Previous investigations have shown greater suppression of catecholamine response by propofol than sevoflurane during minor and major surgery [6,8,9,10]. However, the effect of propofol dose (and thus of anesthetic depth) in a clinically attainable range on stress response to surgery has not been previously explored in major thoracic surgery involving a high degree of stress. In the present study, catecholamine responses to lung surgery at two levels of propofol anesthesia were similarly attenuated during anesthesia, but diverged after surgery. The greatest change in circulating catecholamine levels in patients undergoing surgery occurs during the postoperative period due to perception of surgical pain, airway reflex stimulation, and tapering of general anesthetic-induced sympathetic inactivation. In the present study, the extent and duration of surgical injury, remifentanil doses used for analgesia during surgery, pain scores, and analgesic requirements after surgery were comparable in the two study groups. Our findings suggest that intraoperative propofol dose contributed to observed intergroup catecholamine response divergence.
Changes in individual catecholamine response to surgery probably depend on the type of surgery and the anesthetic used [9,11,12]. In the present study, changes in NE levels were significantly different, whereas epinephrine levels increased similarly in both groups. We propose two explanations for this observed difference between perioperative changes in epinephrine and NE levels. First, propofol may have a dose-dependent suppressive effect on SNS via adrenomedullary inhibition at lower concentration and a peripheral neural inhibitory effect at higher concentration, because plasma NE primarily originates from presynaptic sympathetic nerve endings and epinephrine from the adrenal medulla. Second, epinephrine and NE may exhibit different responses according to intraoperative and postoperative stresses in lung surgery patients because of OLV, irrespective of anesthetic depth. In a previous study, lung surgery was accompanied by a distinct pattern of catecholamine response, a peak increase during OLV followed by a gradual decrease in epinephrine release and increase in NE release in the postoperative period [11]. These two proposed explanations indicate the importance of determining individual catecholamine response to surgical nociceptive stimulation, to pulmonary injury by OLV during surgery, and to postoperative pain perception after surgery in lung surgery patients.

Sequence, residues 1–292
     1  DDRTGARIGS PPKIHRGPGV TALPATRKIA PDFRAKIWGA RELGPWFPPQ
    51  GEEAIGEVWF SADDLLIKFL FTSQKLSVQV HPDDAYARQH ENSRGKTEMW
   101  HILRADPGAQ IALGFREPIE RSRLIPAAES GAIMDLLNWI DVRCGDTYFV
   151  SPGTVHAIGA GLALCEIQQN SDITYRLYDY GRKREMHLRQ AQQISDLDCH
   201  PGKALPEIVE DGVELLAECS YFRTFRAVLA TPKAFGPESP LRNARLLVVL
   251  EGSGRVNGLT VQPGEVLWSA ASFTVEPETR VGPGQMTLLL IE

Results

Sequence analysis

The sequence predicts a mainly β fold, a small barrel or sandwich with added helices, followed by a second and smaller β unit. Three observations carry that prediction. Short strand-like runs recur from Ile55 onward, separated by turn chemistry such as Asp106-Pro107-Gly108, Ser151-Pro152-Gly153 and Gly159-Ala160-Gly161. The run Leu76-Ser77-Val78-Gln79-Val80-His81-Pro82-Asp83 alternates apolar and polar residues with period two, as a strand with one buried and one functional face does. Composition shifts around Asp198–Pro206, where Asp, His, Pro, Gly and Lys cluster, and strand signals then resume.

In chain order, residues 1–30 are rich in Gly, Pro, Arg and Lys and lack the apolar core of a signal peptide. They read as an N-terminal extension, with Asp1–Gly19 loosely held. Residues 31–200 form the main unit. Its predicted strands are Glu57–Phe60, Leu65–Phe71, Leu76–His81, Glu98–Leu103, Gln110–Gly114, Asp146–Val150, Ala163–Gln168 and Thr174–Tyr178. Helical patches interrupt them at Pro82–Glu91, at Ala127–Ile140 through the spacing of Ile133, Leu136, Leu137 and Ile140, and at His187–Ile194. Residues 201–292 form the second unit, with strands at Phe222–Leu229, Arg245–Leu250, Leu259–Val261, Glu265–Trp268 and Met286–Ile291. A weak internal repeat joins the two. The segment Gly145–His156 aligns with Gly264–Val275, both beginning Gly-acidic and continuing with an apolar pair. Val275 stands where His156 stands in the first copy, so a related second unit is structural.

In the present study, increased adrenocortical response to lung surgery was not prevented by the high propofol infusion rate (8 mg/kg/h), which contrasts to the successful attenuation of cortisol release at lower propofol infusion rates (4-6 mg/kg/h) reported in previous studies [8,9,13]. Adrenocortical response is known to be directly proportional to the severity of surgical trauma and lung surgery evokes a high stress response because it involves major surgical injury and OLV-associated pulmonary inflammation. Thus, despite successful attenuation of adrenocortical response to gynecological surgery [8,9], propofol anesthesia at infusion rates of 4-12 mg/kg/h did not attenuate adrenocortical response to thoracic surgery [14,15]. These reports indicate that clinically relevant concentrations of propofol are unlikely to attenuate HPA axis activation to major thoracic surgery.
Neuroendocrine and inflammatory responses to surgical stress result in stress-induced hyperglycemia due to insulin resistance and the promotion of glucose production by catabolic hormones [1]. In the present study, deep propofol anesthesia attenuated increase in plasma glucose after surgery more effectively than light anesthesia. We are unable to clarify the cause of these different glucose responses because we did not measure the levels of any other glucose-related hormones or demonstrate a consistent correlation between plasma glucose and catecholamine levels at each time point. However, it appears that dose-dependent inhibition of sympathetic activity under propofol anesthesia contributed to the intergroup plasma glucose level differences based on the concomitant change observed in catecholamine response.